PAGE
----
Angels & Demons
Director: Ron Howard

It’s a funny thing about Dan Brown’s books. They make great beach reads, but transformed to the screen, at least under the direction of the utterly vanilla Ron Howard, they come across as almost laughable.

The best that can be said about Angels & Demons is that it’s more of a conventional thriller and less talky than its predecessor The Da Vinci Code, and that Tom Hanks is no longer getting his hair cut at Fort Apache.

Harvard symbologist Robert Langdon (Hanks), first seen in Da Vinci (although technically this one is the prequel), is the butter knife of action blades. He’s a man so bland and nerdy, not even Tom Hanks’s acting prowess can enliven him. He’s completely uninterested in sex, even when he’s close to steamy Ayelet Zurer, who succeeds The Da Vinci’s Audrey Tautou as the brainy female sidekick.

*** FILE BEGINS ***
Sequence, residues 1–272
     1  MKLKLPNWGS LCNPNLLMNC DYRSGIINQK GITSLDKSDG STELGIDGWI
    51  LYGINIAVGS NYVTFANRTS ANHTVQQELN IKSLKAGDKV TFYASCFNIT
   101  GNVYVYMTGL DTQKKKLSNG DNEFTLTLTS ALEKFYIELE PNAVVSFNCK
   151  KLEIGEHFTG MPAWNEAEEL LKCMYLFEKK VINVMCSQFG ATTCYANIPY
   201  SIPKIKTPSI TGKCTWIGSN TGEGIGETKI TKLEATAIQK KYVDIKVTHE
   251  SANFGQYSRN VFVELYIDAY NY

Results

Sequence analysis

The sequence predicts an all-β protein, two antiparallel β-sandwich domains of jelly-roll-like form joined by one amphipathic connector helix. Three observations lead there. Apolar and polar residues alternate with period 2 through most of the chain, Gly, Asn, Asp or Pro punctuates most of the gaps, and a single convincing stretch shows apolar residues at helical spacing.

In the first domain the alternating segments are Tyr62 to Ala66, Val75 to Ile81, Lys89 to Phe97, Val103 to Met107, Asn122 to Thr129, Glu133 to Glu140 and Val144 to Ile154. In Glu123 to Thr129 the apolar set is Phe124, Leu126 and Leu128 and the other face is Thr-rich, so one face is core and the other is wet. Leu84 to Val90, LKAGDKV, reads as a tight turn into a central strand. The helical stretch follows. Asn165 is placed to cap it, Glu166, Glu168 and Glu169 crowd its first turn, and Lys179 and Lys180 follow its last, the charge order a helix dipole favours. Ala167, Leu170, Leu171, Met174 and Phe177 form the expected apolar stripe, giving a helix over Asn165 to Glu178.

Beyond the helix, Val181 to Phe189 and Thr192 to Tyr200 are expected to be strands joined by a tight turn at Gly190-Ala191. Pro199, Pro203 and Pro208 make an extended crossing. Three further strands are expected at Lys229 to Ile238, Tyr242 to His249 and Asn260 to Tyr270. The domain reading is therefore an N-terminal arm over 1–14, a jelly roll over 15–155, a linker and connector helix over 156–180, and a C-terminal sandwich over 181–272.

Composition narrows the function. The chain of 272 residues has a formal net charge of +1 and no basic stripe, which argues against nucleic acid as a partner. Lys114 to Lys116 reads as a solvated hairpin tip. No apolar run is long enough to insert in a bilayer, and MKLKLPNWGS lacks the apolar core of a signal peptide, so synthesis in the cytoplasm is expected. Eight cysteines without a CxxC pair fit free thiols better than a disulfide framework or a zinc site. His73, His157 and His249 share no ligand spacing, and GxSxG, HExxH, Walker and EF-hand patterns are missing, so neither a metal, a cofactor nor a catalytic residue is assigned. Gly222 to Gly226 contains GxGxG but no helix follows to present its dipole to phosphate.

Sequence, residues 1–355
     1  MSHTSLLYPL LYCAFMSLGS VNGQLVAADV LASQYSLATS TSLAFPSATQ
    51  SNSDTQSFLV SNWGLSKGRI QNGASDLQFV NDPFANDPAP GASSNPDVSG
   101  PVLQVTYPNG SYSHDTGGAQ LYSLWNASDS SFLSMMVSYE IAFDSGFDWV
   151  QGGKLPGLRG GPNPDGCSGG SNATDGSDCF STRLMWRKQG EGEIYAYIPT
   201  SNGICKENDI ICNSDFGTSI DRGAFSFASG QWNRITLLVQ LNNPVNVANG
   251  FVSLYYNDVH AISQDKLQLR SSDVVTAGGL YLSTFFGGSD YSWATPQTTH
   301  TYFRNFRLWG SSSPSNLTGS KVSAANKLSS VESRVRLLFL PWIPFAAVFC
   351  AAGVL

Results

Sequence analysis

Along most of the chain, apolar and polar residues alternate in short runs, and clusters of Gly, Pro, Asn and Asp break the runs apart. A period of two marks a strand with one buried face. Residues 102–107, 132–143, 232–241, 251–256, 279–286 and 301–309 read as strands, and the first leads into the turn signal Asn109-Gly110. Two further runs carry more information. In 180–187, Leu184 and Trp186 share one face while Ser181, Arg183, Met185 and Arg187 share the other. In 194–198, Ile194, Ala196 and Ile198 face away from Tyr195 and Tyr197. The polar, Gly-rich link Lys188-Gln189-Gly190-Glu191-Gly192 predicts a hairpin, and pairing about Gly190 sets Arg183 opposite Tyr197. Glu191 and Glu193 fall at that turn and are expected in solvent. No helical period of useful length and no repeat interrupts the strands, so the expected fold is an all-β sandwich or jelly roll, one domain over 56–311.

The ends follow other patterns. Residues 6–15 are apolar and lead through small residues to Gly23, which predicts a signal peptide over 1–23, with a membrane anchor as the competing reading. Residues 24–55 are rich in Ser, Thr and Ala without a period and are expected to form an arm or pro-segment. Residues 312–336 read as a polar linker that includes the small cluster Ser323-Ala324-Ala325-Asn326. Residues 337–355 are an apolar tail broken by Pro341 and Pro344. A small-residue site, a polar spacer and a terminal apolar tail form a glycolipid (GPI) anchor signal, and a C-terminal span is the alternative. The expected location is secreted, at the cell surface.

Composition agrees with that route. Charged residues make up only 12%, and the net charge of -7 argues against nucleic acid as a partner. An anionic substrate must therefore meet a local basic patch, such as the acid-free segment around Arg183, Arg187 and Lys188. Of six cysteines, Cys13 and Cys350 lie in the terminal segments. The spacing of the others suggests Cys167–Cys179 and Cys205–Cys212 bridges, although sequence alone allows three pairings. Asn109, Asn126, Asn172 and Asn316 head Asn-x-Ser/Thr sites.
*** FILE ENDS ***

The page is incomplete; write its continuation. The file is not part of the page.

Angels & Demons concerns a plot to blow up St. Peter’s Basilica hatched by a secret society of Catholic fanatics called the Illuminati, who harbour a 200-year-old grudge.

Their weapon is a battery-powered anti-matter canister. Illuminati are also threatening to kill four top cardinals, one per hour, leading up to midnight. Oh, and there’s a papal conclave going on, since the Pope just died, in less than providential circumstances.

An eyeball-rolling prologue sets up the film’s science vs. religion subtext in the midst of an eyeball-gouging murder.

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